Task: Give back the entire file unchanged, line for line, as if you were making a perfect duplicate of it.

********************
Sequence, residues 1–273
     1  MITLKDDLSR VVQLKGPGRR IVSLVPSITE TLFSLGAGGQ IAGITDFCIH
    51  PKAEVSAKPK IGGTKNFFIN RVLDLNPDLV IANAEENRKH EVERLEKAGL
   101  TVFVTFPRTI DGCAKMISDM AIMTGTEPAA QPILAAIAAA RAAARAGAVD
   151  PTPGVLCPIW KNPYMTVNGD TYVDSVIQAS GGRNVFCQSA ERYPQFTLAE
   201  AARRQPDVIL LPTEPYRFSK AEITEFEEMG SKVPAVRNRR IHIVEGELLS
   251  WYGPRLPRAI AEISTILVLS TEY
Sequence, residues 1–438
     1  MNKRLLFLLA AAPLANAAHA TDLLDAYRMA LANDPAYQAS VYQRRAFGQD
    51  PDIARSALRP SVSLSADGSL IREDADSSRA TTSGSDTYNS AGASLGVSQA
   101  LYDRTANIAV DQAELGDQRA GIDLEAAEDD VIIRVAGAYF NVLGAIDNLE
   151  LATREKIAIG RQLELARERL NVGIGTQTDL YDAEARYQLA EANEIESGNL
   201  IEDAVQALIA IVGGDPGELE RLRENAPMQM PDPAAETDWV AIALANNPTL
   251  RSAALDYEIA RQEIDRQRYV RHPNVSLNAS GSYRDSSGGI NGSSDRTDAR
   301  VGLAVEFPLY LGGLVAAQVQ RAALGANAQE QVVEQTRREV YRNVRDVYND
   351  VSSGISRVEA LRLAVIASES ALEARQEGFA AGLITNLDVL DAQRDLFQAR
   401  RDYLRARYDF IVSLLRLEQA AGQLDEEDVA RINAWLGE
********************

Sequence, residues 1–273
     1  MITLKDDLSR VVQLKGPGRR IVSLVPSITE TLFSLGAGGQ IAGITDFCIH
    51  PKAEVSAKPK IGGTKNFFIN RVLDLNPDLV IANAEENRKH EVERLEKAGL
   101  TVFVTFPRTI DGCAKMISDM AIMTGTEPAA QPILAAIAAA RAAARAGAVD
   151  PTPGVLCPIW KNPYMTVNGD TYVDSVIQAS GGRNVFCQSA ERYPQFTLAE
   201  AARRQPDVIL LPTEPYRFSK AEITEFEEMG SKVPAVRNRR IHIVEGELLS
   251  WYGPRLPRAI AEISTILVLS TEY
Sequence, residues 1–438
     1  MNKRLLFLLA AAPLANAAHA TDLLDAYRMA LANDPAYQAS VYQRRAFGQD
    51  PDIARSALRP SVSLSADGSL IREDADSSRA TTSGSDTYNS AGASLGVSQA
   101  LYDRTANIAV DQAELGDQRA GIDLEAAEDD VIIRVAGAYF NVLGAIDNLE
   151  LATREKIAIG RQLELARERL NVGIGTQTDL YDAEARYQLA EANEIESGNL
   201  IEDAVQALIA IVGGDPGELE RLRENAPMQM PDPAAETDWV AIALANNPTL
   251  RSAALDYEIA RQEIDRQRYV RHPNVSLNAS GSYRDSSGGI NGSSDRTDAR
   301  VGLAVEFPLY LGGLVAAQVQ RAALGANAQE QVVEQTRREV YRNVRDVYND
   351  VSSGISRVEA LRLAVIASES ALEARQEGFA AGLITNLDVL DAQRDLFQAR
   401  RDYLRARYDF IVSLLRLEQA AGQLDEEDVA RINAWLGE